Greatness is not proven over one match. That much is certain in the Beautiful Game.
Even Spain served up a clunker in their opener last summer in South Africa, losing to — gasp! — Switzerland before winning their next six straight on their run to the World Cup title. That’s a little footnote we’ve all conveniently forgotten.
Those Spaniards will be the first to tell you, it’s all about how you respond in your follow-up performance. Consistent play is key in becoming a truly great team. For the US, who resume group-stage play in the CONCACAF Gold Cup on Saturday, consistency has been one elusive mother.
And if the US are hoping to follow up their thorough 2-0 opening victory over Canada on Tuesday with another solid performance against Panama in Tampa, they’d be wise to look at the missteps of previous US squads in big tournaments.
Go back through every senior-team competition over the past decade in which the US fielded their “A” squad. There hasn’t been a single time when the Americans have been able to put together two end-to-end, comprehensive performances in a row to open group-stage play.
On the occasions where they start a tournament brightly, they’ll lay an egg in the next game. Conversely, if they have a clunker to open, that’s usually when that much-ballyhooed “American fighting spirit” comes into play and they’ll put up a heroic performance just in the nick of time.
Think about it. We all remember the stunning opener at the 2002 World Cup in which hardly any US fan could believe their eyes as the Yanks scored three times in the first half in a thrilling 3-2 win over Portugal. Five days later, they followed that up with a 1-1 draw with co-hosts South Korea in which they were lucky to escape with their lives, thanks almost completely to Brad Friedel.
Then the antithesis four summers later, when Bruce Arena’s men were dominated in every way in a 3-0 loss to the Czech Republic in Gelsenkirchen. Five days later, the US hunkered down and won a physical 1-1 slugfest with eventual World Cup champions Italy in an amazing showing in Kaiserslautern. Well, they won the battle, if not all three points, in their best performance during a highly disappointing summer.
Those two are the extremes, but it’s been a pretty consistent theme of inconsistency for the Americans over that period when the “A” team suits up: the ’03 and ’09 Confederations Cup, the ’07 Gold Cup, even last summer in South Africa.
Yes, even at the 2010 World Cup. There are plenty of you who saw the 2-2 come-from-behind draw against Slovenia as an amazing achievement and emblematic of that fighting spirit we keep hearing about. I still see a team that didn’t take their opponents seriously after bagging a point on England in the opener and were forced to chase the game against a team that was beatable.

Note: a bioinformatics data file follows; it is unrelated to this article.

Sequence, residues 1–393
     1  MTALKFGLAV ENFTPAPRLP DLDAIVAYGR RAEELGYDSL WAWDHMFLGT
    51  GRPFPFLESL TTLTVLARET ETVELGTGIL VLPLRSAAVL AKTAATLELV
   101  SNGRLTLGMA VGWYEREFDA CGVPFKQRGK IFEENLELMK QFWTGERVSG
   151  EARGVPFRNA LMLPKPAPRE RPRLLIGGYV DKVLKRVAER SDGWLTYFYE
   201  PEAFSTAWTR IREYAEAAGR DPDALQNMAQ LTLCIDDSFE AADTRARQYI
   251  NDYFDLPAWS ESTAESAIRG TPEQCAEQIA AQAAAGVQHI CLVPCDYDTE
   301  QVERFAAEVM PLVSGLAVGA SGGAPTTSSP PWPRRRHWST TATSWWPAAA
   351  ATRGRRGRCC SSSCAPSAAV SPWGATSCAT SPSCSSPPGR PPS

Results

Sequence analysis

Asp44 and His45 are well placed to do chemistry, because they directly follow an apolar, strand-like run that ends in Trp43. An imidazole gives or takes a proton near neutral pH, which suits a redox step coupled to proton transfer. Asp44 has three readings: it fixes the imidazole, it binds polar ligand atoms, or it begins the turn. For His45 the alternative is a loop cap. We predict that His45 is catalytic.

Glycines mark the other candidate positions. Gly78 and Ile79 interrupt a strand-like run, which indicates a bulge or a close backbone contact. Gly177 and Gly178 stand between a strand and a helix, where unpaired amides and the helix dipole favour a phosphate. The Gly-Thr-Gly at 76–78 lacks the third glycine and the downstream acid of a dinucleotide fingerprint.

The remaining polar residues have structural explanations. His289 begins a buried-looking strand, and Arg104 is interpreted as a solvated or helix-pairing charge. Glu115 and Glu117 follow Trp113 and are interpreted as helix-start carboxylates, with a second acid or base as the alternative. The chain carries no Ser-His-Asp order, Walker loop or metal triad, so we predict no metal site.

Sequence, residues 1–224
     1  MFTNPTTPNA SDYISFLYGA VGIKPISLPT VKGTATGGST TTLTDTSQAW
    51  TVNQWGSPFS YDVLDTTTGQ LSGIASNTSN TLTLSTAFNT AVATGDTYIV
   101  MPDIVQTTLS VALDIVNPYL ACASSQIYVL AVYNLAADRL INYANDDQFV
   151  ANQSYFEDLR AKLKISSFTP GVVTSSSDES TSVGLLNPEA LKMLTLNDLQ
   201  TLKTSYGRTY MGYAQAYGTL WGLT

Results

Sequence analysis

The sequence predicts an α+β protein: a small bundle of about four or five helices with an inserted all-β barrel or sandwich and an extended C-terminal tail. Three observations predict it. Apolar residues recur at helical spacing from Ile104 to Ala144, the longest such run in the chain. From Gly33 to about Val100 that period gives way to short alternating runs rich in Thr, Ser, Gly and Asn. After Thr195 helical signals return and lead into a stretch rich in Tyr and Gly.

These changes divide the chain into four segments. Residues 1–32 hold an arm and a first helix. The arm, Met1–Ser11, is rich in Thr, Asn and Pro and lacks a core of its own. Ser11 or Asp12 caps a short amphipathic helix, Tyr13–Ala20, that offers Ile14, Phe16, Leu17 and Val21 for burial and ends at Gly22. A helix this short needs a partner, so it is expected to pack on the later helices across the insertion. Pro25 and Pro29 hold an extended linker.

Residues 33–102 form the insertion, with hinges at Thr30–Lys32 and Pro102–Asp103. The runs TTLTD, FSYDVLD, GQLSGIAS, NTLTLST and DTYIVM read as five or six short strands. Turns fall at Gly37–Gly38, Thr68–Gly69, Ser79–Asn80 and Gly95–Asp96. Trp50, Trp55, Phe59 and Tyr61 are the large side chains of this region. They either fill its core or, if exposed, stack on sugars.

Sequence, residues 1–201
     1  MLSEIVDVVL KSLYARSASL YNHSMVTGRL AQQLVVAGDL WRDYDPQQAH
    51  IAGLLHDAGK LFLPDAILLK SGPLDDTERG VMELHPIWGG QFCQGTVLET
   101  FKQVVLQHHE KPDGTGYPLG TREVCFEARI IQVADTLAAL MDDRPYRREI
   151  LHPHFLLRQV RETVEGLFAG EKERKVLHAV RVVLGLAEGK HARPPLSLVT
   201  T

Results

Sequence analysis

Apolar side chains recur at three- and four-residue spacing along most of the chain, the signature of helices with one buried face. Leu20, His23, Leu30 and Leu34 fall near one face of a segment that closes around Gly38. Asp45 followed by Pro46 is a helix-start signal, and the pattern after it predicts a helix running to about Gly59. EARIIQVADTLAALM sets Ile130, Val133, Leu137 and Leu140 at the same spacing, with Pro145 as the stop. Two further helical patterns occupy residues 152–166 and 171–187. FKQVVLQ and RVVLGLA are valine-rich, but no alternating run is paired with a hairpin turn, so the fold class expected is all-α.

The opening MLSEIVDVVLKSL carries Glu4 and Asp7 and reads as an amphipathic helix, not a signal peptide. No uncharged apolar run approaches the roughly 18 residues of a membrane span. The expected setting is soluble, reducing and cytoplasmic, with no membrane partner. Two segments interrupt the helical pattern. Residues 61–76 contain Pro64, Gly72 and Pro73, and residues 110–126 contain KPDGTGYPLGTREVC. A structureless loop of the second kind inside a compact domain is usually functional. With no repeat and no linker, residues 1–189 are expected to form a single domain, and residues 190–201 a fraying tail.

There’s one lone exception to the trend: the 2003 Gold Cup, in which the US had a plum draw in their three-team group that contained El Salvador and Martinique. Brian McBride scored three of the US’ four goals over those two games as the Americans waltzed into the knockout rounds, schooled Cuba 5-0 in the quarters behind four goals from Landon Donovan and then succumbed to Brazil in extra time in the semis.
Still, the big takeaway here is that the USMNT rarely have been able to string two 90-minute performances in a row in tournament play. And if they have dreams of becoming a perennial power on the world stage, it’s time to realize that intensity and concentration isn’t something you get up for — for the world’s best teams, it’s a mantra. It’s how you go about your business every time you put that kit on.
The Americans' game against Canda was complete. They held the lion's share of possession, dictated the pace of the entire game, scored first — a pleasant change — and held onto their lead with timely stops and some brilliant saves by Tim Howard. It was the kind of performance that made you proud to be a US fan, especially coming just three days after a complete meltdown against the classiest of class teams in Spain.
So what's next against Panama? Will it be the all-too-predictable letdown performance against a team that, by all rights, the US should handle comfortably? The Red Tide are capable of springing a surprise on the Americans. Let's hope that annoying trend over the past 10 years gets solved in a hurry.
This current US squad has a veteran core behind it, a group of guys who have been the central figures dating back to that ’02 World Cup. They know the consequences of letting up, and they know the dangers of starting slow.
"This is an experienced enough group,” Howard told reporters after the Canada win. “It's just about rhythm now. It's about getting your cold baths, getting your nice light training days in, guys who didn't play pushing it a little more — but feeling like you're going into the next game at a good tempo.”
Let's hope that tempo stays at a thump, and doesn't slow down to a clunk.
Jonah Freedman is the managing editor of MLSsoccer.com. “The Throw-In” appears every Thursday.